Evan Vucci / AP
Thursday, Dec. 8, 2016 | 4:35 p.m.
WASHINGTON — Sen. Harry Reid is known for avoiding the traditional Washington social circuit.
But on Thursday night there was one function the retiring Nevada senator couldn’t avoid — his own portrait unveiling.
The event was attended by a host of people who have grown close to the senator over the years. His former Chief of Staff David Krone, one of his proteges, Rep.-elect Ruben Kihuen, and a host of current and former senators were among the attendees.
Reid sat at the front of the room throughout the event, smiling and sometimes looking down at his hands as the night’s featured guests joked about all the compliments he was being forced to endure during the 75-minute ceremony.
“Harry, in case you’re tempted to walk out from all the praise, we’ve asked the sergeant-at-arms to guard the door,” House Minority Leader Nancy Pelosi said.
Pelosi said that when Reid announced his retirement, she suggested having a dinner in his honor, inviting all of his friends from across the country.
“He said, ‘Forget about it. I’d rather spend the money feeding the poor or giving it to a university,’” Pelosi said.
In a slightly shorter speech than his morning address in the Senate, Reid thanked those in the room, including his family and current and former staff members.
“My wife, my children, my grandchildren down in the front row — beautiful human beings inside and out,” Reid said. “I look around the room and see my staff, my former staff. They have made my career.”
He called Senate Majority Leader Mitch McConnell, who also briefly spoke at the event, his friend and said he has always found Pelosi to be “so kind and so thoughtful and so considerate.”
He talked about working with Chicago Mayor Rahm Emanuel to pass legislation through Congress when Emanuel was President Barack Obama’s chief of staff.
Reid called his wife his rock, saying that she has always helped him.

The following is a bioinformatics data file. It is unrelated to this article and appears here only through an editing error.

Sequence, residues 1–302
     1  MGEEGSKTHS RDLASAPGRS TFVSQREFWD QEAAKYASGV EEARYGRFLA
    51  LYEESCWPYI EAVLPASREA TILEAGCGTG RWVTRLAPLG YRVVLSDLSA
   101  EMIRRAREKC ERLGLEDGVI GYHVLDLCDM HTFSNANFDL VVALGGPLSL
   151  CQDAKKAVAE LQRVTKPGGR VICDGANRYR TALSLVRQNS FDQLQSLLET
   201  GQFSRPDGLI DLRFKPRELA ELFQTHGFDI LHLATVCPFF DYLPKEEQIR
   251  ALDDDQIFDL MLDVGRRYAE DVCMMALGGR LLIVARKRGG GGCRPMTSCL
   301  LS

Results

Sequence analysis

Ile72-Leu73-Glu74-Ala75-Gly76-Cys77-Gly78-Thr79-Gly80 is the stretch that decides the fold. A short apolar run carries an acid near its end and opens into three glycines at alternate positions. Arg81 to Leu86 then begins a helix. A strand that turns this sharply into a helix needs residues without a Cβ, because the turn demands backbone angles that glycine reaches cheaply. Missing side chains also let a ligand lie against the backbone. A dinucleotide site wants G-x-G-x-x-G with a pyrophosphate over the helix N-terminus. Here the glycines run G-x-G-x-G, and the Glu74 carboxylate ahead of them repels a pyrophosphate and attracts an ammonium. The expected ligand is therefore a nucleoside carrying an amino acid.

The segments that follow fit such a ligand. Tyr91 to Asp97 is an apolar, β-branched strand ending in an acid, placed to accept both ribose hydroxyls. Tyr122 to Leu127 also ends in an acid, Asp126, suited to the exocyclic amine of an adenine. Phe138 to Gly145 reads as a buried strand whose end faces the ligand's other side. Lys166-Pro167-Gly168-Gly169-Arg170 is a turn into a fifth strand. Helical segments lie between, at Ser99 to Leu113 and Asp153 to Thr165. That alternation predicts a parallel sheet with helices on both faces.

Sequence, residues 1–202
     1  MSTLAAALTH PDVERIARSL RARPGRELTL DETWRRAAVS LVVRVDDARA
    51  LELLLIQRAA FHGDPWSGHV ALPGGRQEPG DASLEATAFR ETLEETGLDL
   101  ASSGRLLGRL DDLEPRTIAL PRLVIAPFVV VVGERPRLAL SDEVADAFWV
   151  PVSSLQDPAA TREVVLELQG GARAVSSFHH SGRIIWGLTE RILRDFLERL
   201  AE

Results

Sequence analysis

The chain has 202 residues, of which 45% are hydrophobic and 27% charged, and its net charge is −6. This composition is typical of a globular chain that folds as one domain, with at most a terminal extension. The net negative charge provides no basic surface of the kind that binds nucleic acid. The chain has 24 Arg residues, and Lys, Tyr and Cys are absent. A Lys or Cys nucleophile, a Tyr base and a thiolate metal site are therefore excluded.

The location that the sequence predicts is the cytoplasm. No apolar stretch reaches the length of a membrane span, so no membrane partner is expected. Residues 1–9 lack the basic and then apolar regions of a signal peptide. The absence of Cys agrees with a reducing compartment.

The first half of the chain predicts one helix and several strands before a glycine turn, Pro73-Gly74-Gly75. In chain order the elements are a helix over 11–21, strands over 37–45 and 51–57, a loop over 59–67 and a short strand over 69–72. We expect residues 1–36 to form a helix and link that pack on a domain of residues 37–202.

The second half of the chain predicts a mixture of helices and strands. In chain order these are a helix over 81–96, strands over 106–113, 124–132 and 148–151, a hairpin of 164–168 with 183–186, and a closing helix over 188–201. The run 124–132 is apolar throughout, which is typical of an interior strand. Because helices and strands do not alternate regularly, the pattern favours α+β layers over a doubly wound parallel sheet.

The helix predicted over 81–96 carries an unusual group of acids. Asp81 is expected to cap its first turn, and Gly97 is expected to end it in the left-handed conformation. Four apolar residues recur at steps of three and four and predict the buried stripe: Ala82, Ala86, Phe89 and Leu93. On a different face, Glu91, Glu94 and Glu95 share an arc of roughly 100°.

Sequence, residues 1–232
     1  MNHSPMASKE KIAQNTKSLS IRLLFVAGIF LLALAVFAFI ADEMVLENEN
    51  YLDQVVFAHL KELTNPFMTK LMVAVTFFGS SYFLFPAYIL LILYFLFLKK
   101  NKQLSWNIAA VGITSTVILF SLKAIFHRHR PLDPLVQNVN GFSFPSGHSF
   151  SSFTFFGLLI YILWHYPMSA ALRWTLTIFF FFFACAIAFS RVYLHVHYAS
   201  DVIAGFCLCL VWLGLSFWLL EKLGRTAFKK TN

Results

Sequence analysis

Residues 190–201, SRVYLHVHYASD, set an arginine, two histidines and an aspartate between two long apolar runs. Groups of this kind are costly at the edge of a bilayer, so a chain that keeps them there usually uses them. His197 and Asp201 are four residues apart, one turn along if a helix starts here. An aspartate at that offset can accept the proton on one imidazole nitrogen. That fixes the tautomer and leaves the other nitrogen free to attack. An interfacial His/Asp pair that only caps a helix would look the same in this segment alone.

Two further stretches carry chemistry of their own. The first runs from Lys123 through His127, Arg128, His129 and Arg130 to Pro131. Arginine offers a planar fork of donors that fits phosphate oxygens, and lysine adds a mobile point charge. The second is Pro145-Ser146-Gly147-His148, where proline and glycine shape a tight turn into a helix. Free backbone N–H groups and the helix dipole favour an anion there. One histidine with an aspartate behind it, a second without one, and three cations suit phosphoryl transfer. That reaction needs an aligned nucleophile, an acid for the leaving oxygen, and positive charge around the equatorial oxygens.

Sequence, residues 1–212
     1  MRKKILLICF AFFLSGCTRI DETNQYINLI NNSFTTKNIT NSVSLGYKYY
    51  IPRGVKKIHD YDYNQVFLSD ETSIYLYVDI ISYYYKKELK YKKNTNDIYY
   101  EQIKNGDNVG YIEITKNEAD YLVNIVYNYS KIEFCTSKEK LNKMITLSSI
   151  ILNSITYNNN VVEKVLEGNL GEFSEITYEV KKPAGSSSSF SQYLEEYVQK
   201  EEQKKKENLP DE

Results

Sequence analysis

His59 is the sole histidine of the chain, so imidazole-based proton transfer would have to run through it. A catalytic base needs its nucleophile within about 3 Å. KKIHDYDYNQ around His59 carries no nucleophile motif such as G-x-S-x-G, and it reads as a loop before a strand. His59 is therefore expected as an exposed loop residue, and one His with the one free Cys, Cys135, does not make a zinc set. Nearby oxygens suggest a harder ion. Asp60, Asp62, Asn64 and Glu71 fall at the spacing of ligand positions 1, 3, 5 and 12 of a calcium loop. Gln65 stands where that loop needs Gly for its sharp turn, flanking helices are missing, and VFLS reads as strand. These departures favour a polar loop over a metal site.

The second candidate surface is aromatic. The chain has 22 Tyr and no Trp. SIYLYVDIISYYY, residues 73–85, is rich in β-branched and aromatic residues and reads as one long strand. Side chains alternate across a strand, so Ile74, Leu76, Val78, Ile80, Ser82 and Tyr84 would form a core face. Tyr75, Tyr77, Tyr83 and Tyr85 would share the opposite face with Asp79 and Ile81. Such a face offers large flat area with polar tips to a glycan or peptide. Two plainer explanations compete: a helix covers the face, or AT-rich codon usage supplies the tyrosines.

“Landra and I have had a love affair for over 60 years. She was a sophomore in high school, and I was a junior,” Reid said. “We’ve been inseparable.”
Former U.S. Sen. and Secretary of State Hillary Clinton, who has made few public appearances since losing her bid for president, received a standing ovation as she took the podium. “This is not exactly the speech at the Capitol I hoped to be giving after the election,” Clinton said.
The event was to unveil Reid’s portrait, but “the more fitting portrait of him will be the one that goes in the dictionary next to the word ‘fighter,’” Clinton said, noting how Reid fought on behalf of Nevadans to protect public lands, create the Great Basin National Park and promote clean energy.
Clinton said one of her favorite memories with Reid was accompanying him to Fallon to hold a hearing about the high rates of leukemia there.
“On that trip and on many occasions, I saw first-hand Harry’s deep commitment to the state and country he loved and served so well,” Clinton said.
She also took the opportunity to lament what she called the “epidemic of fake news.”
“It’s now clear that so-called fake news can have real world consequences,” Clinton said. “This isn’t about politics or partisanship.”
Vice President Joe Biden offered a heartfelt commemoration of Reid, interspersed with bursts of his characteristic sense of humor.
Biden also praised Reid’s wife, Landra. “You deserve our undying gratitude,” Biden said, as audience members gave her a standing ovation. “It’s been hard raising this boy, hasn’t it?”
Biden thanked Reid for embracing him and his family. “Love you, pal,” he said. “I know that embarasses you, but I do.”
Gavin Glakas, the artist who painted Reid’s portrait, noted that Reid could have easily picked a more renowned artist. But Glakas said Reid took an interest in his work when he was just a child and until he became one of Reid’s staffers.
“Underneath all of that and the bedrock of all of that is a sweet, sweet person,” Glakas said.
With his retirement, Reid passes the mantle of Senate minority leader to Sen. Chuck Schumer of New York. Schumer described Reid, as he often is described, as a fighter.
“The important thing is not that you fight. The important thing is what and who you fight for. Harry fought for people,” Schumer said. “He fought for the things he cared about, and though he didn’t always prevail, he always kept fighting.”
In their final remarks, both Clinton and Schumer recited the lyrics of the song “The Boxer,” written by musician Paul Simon.
“He carries the reminders of every glove that laid him down,” Schumer said. “But the fighter still remains.”